The author and maintainers of the popular Requests library are working on a crucial version 2.0 release. As you can see this new release will include a large number of bug fixes and features which are backwards incompatible with the 1.x branch of Requests. Not to worry though, the transition from 1.x to 2.x will be far less painful than the transition from 0.x to 1.x. Most of the backwards incompatibility arises from how 2.x will handle headers (as will be explained below).
Improving HTTPS proxy support
Perhaps the most exciting part of this upcoming release is the improved proxy support. Version 2 will include support for the
CONNECT verb which will make talking to HTTPS services possible from behind a proxy. For example: anyone who wishes to use Requests on PythonAnywhere‘s free tier will be able to once version 2 is released. As noted in the pull request, this would not be possible without the amazing work of the contributors to urllib3 — the library on top of which Requests is implemented.
Fixing a subtle bug with headers
Beyond adding proxies, there was a particularly nasty bug on Python 3 where some headers could not be set using native strings. As this was a backwards incompatible change this is only being fixed for the first time in version 2.0. If you have run into this problem your headaches will be long gone.
Adding new convenience methods
Finally, if you are a Requests user who creates their requests carefully by hand, the new method on the
Session object will prepare them for you! You no longer have to jump through extra hoops to include the cookies stored on the
Future Requests updates
As soon as Requests 2.0 is out, we will have a full review here, so be sure to subscribe to our Python tag and The Changelog Weekly for further updates.
Ever find yourself needing to
- Temporarily share a website that is only running on your dev machine?
- Demo an app at a hackathon without deploying?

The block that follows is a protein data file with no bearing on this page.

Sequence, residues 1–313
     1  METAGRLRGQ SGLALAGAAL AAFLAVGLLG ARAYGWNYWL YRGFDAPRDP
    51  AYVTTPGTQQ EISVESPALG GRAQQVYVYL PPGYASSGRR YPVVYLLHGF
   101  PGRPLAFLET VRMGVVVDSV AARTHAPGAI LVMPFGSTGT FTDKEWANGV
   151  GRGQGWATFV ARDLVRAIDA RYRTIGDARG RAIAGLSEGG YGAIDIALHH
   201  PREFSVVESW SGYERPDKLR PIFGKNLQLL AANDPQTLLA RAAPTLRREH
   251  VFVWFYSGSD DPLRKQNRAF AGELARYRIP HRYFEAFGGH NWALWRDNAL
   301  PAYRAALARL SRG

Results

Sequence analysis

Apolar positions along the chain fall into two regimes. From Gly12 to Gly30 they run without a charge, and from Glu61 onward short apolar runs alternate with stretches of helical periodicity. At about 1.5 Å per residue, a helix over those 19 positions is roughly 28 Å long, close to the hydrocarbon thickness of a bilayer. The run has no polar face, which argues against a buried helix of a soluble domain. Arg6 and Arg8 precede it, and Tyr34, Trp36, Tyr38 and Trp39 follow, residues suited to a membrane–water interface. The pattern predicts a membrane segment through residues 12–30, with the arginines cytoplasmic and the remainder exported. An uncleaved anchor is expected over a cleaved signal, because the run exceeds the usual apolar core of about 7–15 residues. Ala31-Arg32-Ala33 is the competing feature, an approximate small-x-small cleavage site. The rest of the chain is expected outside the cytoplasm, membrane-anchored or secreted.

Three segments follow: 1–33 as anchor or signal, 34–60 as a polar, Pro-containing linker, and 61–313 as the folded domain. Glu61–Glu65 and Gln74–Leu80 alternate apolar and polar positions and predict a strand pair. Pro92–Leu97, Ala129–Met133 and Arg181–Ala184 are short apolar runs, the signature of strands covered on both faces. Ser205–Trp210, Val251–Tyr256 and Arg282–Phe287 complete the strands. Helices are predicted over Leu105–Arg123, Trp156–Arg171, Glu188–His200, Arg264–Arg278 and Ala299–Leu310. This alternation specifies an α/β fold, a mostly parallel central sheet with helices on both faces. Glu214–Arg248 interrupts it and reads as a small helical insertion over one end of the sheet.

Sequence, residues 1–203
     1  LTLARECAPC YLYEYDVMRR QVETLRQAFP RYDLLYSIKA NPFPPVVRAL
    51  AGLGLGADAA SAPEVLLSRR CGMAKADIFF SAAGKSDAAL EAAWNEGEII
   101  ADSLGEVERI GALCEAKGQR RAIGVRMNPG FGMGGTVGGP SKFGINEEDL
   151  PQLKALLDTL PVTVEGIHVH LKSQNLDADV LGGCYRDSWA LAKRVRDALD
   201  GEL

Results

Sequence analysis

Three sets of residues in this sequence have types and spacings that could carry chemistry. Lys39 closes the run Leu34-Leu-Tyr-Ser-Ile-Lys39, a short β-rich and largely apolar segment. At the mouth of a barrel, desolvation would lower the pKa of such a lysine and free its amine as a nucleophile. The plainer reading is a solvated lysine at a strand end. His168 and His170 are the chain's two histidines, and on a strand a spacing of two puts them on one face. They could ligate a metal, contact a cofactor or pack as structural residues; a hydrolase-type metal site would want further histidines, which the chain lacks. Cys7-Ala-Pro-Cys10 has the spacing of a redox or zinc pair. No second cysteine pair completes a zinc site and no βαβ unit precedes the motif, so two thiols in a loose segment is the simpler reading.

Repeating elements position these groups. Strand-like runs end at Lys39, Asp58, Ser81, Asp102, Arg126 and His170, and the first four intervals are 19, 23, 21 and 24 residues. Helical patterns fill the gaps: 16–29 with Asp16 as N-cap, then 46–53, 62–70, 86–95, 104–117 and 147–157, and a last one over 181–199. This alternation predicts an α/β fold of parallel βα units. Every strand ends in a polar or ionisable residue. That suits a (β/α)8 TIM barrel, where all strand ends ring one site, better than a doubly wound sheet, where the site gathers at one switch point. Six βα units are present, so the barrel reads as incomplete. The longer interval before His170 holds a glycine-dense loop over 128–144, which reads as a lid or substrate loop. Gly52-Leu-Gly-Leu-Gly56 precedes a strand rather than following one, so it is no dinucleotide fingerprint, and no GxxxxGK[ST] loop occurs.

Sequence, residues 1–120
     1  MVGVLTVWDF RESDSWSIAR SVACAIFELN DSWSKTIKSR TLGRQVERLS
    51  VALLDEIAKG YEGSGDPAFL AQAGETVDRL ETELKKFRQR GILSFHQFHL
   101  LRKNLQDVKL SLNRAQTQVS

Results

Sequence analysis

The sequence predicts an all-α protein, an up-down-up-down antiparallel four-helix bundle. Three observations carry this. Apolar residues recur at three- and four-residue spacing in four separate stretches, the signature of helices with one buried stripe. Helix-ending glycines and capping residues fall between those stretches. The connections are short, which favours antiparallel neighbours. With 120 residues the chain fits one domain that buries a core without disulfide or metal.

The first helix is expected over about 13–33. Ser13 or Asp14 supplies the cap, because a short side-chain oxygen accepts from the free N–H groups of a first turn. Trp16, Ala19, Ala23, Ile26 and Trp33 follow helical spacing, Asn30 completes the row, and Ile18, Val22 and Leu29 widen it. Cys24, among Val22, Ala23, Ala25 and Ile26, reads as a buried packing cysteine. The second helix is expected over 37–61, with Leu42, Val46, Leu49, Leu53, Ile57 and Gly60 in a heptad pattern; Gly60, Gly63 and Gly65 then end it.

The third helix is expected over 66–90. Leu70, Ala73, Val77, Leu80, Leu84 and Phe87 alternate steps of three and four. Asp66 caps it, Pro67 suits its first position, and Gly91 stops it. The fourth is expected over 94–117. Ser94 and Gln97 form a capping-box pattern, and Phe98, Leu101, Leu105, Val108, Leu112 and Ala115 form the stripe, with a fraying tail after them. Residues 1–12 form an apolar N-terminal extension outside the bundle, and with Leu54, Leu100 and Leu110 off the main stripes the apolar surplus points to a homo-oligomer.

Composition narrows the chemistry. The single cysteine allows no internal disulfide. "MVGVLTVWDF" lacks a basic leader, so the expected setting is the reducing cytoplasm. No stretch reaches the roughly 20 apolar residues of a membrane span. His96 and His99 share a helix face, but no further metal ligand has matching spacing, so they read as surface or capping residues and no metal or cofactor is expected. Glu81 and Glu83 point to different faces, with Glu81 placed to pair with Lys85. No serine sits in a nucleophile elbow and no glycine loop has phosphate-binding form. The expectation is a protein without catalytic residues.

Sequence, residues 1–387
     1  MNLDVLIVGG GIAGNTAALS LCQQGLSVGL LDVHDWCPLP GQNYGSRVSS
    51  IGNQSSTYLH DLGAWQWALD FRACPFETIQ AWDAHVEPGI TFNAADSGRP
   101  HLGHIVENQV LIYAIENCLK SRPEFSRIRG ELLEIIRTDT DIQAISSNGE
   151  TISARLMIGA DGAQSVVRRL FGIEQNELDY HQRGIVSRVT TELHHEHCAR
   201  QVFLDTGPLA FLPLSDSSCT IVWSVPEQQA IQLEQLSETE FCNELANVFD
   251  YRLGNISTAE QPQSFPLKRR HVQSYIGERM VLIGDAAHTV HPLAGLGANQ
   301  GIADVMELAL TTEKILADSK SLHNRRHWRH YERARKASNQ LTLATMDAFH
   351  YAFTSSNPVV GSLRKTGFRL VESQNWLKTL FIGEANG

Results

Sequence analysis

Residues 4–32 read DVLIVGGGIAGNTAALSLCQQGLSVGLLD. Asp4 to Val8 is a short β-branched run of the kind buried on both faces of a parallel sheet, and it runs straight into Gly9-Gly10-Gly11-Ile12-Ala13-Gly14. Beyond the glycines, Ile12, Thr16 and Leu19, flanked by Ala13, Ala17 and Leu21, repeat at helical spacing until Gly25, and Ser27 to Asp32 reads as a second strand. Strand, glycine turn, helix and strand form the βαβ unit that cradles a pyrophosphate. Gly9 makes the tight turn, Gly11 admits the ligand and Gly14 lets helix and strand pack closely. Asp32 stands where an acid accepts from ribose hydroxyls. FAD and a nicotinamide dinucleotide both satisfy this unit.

- Develop any services which consume webhooks (HTTP callbacks)?
- Debug and understand a web service by inspecting the HTTP traffic?
- Run networked services on machines that are firewalled off from the internet?
All of these use cases and more are served by ngrok, a reverse proxy written in Go that creates a secure tunnel between a public endpoint and a locally running web service. Need a visual?
You download ngrok as a dependency-free binary, unzip it, and drop it in your
$PATH. Then you’re up and running in a single command. For instance:
The app shows you the URL to share and the web server to connect to for analysis:
It has a free server component that doesn’t require signing up, but there are additional features if you have an account.
The entire code base is open source under the Apache license and available on GitHub.
Switch branches as fast as you switch pages. Waiting for a deploy sucks. Allocating a staging server for each remote branch is costly. But nothing beats testing on a staging server with real production data. Divergence allows you to quickly test your remote branches simply by changing the subdomain.
If you’ve ever had the need for a second staging server for an early release of a feature that’s not ready to merge to master, Divergence from LayerVault could be what you’ve been waiting for.
With Divergence you can easily view any branch from your repository on your staging server by using the branch name as the subdomain. Just use your branch name as the sub-domain and Divergence will magically find your branch and serve it up. You can even hook into a number of callbacks to automatically restart Passenger, run
bundle install, or any other task if needed.
It’s a Rack application that acts as a HTTP proxy between you and your web application for rapid testing. Divergence was built with an Apache-Passenger stack in mind, so if you’re wanting to help develop the project further, checkout the contributing section of the readme.
Divergence is a work in progress, and labeled as a beta release. The folks at LayerVault could use a hand with:
- Increased language support
- More stacks supported, (e.g. nginx, Unicorn, etc.)
- HTTPS support built-in
Divergence::Application.configure do |config|
config.git_path = "/path/to/git_root"
config.app_path = "/path/to/app_root"
config.cache_path = "/path/to/cache_root"
config.forward_host = 'localhost'
config.forward_port = 80
config.callbacks :after_swap do
config.callbacks :after_cache, :after_webhook do
bundle_install :path => "vendor/bundle"
config.callbacks :on_branch_discover do |subdomain|
Checkout the repo and readme for detailed instructions on installation and setup. If you’d like to see more stacks supported beyond an Apache-Passenger stack, fork it and help out.